The system 500 includes an exemplary mixer 530 for introducing exhaust gas to the inlet 534 of the compressor assembly 540. The exhaust entering the mixer 530 has a temperature T4′, which may be approximately the same as T4. An optional heat exchanger 544 may be used to alter T4′, for example, to cool the exhaust to a temperature less than T4. Where the exhaust is to be cooled, parameters defining the mixer 530 may account for cooling and the increased density of the exhaust. Where the mixer 530 has one or more adjustable components, adjustment of such component(s) may be achieved by an actuator or controller 535 that optionally receives one or more signals from an engine control unit (ECU) or other controller, sensor or actuator. A mixer with an adjustable component is described with respect to
The system 500 includes a valve 573 that can adjust air flow to the exhaust stream or, more commonly, flow from the exhaust stream to the inlet stream (e.g., exhaust gas recirculation or “EGR”). The valve 573 may be controlled by an engine control unit (ECU) or other controller (e.g., the controller 535, the controller 550, etc.). Another valve 574 may be a wastegate valve or an EGR valve that allows at least some exhaust to bypass the turbine assembly 560 for purposes of reducing exhaust flow to the turbine assembly 560 or for purposes of EGR. The valve 574 may be controlled by an engine control unit (ECU) or other controller (e.g., the controller 535, the controller 550, etc.).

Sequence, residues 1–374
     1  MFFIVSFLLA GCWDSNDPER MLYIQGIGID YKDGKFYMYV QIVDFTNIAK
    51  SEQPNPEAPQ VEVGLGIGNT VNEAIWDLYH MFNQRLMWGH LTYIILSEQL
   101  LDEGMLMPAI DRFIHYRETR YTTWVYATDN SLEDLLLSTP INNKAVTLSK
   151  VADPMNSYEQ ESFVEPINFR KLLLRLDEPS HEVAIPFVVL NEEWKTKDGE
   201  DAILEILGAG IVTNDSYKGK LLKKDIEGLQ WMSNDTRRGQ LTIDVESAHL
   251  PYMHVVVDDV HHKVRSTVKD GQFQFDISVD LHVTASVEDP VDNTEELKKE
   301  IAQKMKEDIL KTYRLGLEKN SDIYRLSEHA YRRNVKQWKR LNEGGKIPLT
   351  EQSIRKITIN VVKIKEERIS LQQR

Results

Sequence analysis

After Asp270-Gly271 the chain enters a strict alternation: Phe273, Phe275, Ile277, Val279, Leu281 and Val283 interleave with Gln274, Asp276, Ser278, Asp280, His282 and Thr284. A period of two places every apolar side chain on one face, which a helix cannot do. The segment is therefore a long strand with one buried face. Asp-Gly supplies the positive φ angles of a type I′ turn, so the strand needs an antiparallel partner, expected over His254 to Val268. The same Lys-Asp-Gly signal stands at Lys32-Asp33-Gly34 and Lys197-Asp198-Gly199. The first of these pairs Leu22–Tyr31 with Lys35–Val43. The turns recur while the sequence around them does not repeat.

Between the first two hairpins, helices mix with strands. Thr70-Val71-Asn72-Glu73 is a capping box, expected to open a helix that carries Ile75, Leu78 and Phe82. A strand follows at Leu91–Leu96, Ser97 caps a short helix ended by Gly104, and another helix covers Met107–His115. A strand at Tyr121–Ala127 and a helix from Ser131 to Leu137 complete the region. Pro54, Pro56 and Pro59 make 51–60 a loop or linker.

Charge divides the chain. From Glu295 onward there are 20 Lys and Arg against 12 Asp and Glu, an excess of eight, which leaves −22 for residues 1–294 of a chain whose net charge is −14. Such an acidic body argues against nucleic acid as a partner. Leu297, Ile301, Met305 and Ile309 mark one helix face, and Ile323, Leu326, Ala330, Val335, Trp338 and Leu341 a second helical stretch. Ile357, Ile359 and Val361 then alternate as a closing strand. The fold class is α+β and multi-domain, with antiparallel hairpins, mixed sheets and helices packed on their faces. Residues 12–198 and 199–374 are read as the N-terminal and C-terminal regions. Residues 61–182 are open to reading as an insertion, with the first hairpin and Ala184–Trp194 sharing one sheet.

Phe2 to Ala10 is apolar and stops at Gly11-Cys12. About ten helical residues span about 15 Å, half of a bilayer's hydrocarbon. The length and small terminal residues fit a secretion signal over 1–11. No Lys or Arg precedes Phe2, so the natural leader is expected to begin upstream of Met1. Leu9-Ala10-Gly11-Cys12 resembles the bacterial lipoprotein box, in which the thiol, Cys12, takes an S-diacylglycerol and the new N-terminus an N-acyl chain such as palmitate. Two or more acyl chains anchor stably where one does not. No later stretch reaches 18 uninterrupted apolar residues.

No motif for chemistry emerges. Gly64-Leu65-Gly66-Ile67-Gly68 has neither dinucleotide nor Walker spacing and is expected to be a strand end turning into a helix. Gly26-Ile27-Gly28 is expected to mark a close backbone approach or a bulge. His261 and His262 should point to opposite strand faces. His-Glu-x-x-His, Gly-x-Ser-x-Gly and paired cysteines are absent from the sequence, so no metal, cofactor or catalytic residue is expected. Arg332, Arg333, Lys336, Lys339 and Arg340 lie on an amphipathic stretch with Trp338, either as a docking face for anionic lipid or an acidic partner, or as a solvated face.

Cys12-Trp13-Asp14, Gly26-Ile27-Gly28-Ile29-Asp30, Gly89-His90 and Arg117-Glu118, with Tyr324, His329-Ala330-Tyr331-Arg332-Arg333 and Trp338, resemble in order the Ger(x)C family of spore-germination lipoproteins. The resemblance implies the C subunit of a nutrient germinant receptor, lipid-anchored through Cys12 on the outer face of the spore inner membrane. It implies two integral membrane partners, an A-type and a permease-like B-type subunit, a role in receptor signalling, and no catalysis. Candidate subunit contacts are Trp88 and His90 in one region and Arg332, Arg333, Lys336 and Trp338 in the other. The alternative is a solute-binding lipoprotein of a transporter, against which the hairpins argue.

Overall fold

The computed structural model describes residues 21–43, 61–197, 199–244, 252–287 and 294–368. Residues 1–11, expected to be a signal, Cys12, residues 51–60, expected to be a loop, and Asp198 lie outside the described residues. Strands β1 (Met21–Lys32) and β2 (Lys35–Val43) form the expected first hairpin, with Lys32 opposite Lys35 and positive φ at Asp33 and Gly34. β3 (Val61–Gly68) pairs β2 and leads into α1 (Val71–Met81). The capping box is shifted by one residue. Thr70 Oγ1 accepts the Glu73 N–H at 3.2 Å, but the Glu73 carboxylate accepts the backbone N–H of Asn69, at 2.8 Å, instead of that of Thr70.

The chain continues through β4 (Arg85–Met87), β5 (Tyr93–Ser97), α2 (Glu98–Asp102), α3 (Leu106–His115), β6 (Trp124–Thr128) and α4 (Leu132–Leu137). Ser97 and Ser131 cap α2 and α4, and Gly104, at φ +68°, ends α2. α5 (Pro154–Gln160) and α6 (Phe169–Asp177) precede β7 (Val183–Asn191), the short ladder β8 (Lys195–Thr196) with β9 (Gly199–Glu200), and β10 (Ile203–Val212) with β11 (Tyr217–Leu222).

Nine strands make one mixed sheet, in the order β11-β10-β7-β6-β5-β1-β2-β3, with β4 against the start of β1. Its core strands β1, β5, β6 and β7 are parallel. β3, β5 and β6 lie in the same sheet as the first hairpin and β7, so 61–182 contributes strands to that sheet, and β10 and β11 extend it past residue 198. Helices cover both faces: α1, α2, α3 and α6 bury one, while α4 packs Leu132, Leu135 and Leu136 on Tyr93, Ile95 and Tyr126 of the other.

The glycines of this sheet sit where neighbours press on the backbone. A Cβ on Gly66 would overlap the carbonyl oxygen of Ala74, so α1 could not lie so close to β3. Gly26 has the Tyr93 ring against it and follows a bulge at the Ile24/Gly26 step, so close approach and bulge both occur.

The turbine assembly 560 typically receives at least some exhaust from the engine, which, again, is at temperature T5. In general, T5 is the highest temperature in the system 500. The temperature of the turbine assembly 560, T6, is generally less than that of the exhaust (i.e., T6<T5) because the turbine assembly 560 extracts energy from the exhaust and also because some lubricant cooling may be provided as well. Hence, where the wastegate valve 573 is closed (i.e., no bypass flow), the temperature T8 of exhaust exiting the turbine 560 via the conduit 536 is less than T5 as well.
The system 500 illustrates various mechanisms for use in temperature control of an exhaust turbine assembly 560 and for EGR of an internal combustion engine (e.g., the engine 110 of
The system 500 optionally includes one or more temperature sensors. For example, measurement of temperatures T0, T5 and T8 can provide information as to turbocharger efficiency and performance. As discussed herein, temperature measurements may be used to control EGR (e.g., amount, cooling of exhaust, etc.) and hence flow to an exemplary mixer (e.g., the mixer 530).